The Musee Carnavalet is located in the Marais district of Paris, snuggled in between falafel restaurants and the beautiful Place des Vosges. It is also free. All the time. For everyone. All the permanent collections are free, you only have to pay to see the special exhibits. And even then the price is very reasonable. Usually 5 euros for full entry, 2.50 if you are under 27 years old.
This specific trip was to see their new special exhibit, La révolution française, trésors cachés du musée Carnavalet. It opened in October and I've been dying to go. This is totally my kind of exhibit because I think the French Revolution is one of the most fascinating historical events ever. And it definitely lived up to my expectations. The Musee Carnavalet already has the largest permanent collection of French Revolution items, but for this exhibit they took out everything else they have that is not normally on display. I think my favorite thing were the clothes worn by le dauphin (Louis XVII) and la dauphine (his sister) while they were imprisoned in the Temple Prison during the Revolution (and where Louis XVII died of tuberculosis in 1795). Unfortunately, photos were not allowed in the exhibit, but I recommend going to see it yourself.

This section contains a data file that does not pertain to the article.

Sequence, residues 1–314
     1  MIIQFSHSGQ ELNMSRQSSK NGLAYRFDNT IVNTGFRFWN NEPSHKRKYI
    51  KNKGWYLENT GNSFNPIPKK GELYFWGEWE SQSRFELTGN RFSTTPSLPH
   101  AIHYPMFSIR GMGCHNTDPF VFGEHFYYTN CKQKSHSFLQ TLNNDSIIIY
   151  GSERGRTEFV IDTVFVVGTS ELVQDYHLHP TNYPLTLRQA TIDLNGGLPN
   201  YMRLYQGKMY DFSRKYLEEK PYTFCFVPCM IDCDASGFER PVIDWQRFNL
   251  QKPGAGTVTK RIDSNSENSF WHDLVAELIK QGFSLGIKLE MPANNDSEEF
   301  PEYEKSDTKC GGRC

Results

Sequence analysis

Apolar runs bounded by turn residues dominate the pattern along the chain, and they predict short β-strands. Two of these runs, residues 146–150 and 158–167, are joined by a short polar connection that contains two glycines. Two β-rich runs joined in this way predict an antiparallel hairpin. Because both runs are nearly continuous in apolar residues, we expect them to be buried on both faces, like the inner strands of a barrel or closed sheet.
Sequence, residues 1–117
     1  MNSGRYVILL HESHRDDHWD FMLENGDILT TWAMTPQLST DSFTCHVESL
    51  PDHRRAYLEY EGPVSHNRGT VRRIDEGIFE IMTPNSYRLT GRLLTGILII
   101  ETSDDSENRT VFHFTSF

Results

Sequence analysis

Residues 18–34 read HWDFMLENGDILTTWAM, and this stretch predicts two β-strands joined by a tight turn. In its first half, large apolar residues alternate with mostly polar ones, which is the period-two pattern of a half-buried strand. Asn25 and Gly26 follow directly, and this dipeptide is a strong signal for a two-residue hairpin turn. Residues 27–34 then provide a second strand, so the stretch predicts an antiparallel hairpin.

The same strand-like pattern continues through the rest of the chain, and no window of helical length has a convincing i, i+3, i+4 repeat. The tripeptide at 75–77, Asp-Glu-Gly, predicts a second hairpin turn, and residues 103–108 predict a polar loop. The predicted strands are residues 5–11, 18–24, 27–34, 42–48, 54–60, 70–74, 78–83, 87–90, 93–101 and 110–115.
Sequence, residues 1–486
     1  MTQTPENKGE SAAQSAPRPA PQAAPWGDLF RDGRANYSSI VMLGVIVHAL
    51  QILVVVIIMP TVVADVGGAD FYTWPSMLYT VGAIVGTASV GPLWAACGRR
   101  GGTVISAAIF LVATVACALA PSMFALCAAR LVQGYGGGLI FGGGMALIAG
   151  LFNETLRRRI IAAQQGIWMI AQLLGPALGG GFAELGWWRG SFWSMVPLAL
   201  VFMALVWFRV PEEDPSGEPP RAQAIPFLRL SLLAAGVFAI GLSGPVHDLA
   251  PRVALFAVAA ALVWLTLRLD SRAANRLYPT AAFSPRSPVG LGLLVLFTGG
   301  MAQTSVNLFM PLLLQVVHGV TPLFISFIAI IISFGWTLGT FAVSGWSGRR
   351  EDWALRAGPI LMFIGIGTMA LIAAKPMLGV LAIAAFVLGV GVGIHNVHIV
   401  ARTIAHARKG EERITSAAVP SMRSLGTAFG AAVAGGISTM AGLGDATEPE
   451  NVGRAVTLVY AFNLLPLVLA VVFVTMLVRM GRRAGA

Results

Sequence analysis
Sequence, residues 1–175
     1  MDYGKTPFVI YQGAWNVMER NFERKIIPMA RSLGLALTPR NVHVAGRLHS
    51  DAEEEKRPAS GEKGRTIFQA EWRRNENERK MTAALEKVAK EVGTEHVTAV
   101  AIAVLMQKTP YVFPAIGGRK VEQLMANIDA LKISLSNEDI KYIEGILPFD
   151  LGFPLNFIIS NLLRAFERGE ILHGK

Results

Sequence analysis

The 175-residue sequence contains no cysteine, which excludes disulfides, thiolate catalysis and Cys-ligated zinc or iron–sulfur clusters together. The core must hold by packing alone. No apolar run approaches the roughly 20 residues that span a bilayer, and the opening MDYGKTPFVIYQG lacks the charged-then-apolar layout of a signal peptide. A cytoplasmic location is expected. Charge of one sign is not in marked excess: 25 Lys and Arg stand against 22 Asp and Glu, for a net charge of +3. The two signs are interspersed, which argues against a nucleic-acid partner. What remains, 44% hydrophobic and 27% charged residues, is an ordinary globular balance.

The exhibit itself was somewhat small only 5 or 6 rooms, but in my opinion it was definitely worth the 2.50 euros. After we wandered through the rest of the museum and went to check out the permanent French Revolution collection to continue the theme of the day. I was in heaven.
A model of the Bastille carved out of a block from the Bastille. After they tore it down people collected pieces of the Bastille and carved models out of them to keep as souvenirs of the event. This is one of those. This is actually part of the permanent collection since I couldn't take pictures in the exhibit.
View out of a window of the musee Carnavalet overlooking the courtyard.
The banner for the French Revolution exhibit. Unfortunately the photo is a little dark.